Late Night Ours

by Ryan Clark

Night, thick with humidity,
hangs heavy as I chase you,

and you snicker, lunging,
just out of reach.

Main Street is ours.

I grasp at air, and I’m left
with the scent of your hair,
sweet like lilac, filling me up
with purpose and hope.

The chase continues.

You laugh, low and simmering,
urging me without words to catch
you, to wrap you up and keep you
here, with me, in my world.

A green bench beckons.

You lie down, out of breath, cheeks
flushed rose, you stretch out on
the green bench, tan bare limbs

dangling off its arms. You look up.


Under the soft amber glow of
a street lamp, your lips curl,
smiling, showing what you
have in mind.

I pounce.

You pull me on top, and your mouth
finds my own, the only sound now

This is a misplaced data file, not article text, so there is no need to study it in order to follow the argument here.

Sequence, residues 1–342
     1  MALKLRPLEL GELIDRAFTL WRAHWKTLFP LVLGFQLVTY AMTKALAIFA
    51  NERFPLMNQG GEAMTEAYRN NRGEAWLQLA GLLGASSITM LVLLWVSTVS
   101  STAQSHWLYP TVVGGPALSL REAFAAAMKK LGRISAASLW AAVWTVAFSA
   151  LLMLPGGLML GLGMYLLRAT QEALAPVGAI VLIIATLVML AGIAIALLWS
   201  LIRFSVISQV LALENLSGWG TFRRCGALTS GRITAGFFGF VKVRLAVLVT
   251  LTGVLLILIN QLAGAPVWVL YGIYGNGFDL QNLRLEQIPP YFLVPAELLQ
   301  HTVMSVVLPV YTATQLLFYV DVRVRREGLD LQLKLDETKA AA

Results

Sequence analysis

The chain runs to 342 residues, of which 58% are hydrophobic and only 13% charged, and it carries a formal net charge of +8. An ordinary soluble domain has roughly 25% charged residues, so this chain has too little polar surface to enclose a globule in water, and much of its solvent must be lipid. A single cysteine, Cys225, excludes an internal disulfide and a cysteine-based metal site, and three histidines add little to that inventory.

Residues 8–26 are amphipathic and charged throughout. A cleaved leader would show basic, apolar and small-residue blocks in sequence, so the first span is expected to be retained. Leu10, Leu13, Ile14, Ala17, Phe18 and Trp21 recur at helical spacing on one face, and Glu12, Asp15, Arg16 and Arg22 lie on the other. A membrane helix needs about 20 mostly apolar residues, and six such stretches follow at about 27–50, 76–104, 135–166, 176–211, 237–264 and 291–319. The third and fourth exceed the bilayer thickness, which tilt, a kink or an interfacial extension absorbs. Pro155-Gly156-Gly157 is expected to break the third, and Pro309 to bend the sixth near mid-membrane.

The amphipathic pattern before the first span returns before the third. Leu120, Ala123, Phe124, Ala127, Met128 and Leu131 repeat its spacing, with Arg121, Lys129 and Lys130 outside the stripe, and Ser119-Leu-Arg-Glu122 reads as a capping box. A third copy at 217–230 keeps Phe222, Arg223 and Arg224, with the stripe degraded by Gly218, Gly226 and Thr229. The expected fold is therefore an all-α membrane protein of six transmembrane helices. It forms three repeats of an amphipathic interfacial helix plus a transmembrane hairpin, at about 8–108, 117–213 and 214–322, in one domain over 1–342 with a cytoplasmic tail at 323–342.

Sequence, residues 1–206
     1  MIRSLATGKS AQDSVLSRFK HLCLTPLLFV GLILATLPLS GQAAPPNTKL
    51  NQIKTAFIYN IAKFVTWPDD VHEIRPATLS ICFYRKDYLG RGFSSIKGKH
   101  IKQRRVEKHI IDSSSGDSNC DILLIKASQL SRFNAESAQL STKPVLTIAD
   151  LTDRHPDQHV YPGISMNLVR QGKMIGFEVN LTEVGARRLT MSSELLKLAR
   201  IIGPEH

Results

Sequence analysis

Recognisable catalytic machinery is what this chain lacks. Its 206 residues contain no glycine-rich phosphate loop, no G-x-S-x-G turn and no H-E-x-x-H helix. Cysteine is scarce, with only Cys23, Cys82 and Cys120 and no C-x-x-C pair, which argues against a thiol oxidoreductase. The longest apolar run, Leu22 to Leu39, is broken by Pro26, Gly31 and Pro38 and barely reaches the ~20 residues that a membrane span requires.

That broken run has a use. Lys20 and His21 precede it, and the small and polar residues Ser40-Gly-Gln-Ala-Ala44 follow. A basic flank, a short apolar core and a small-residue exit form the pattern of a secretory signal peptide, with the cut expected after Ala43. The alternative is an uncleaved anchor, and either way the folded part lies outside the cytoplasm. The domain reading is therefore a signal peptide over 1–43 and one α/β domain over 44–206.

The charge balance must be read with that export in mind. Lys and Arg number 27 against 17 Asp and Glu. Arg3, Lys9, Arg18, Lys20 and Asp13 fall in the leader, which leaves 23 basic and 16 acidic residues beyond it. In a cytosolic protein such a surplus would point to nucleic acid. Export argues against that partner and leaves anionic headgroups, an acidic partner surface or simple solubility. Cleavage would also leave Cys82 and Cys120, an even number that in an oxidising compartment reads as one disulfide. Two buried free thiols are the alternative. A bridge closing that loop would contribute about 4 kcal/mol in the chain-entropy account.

the far-away cicadas chirping.
My hands find your curves.

My lips find a home in your neck.

And as your legs wrap around me
I lift up your T-shirt to kiss your
stomach. I run my fingers up your
thigh and take in your perfume.

You smell like honeysuckle.

Stillness around us, like a
canvas for excitement, and the
shops, long closed for the day,
settle in to watch our escapades.

Ahead, a yellow streetlight blinks.

But we disregard – caution isn’t
paid by college kids at 3 a.m., not when
the night is ours, not when the world
is ours. I feel your hands on me.

You guide my hips to fit into your own.

I feel our limbs, climbing on
and up and over. I pull you closer,
but in one motion you push me back,
away, to the ground. Hard.

Quickly, you’re off again.

Down the lonely street, into darkness.
I hear your footfalls on pavement. And

you look back to see if I’m giving chase.

But you don’t have to.

Of course I’ll follow.

I always do.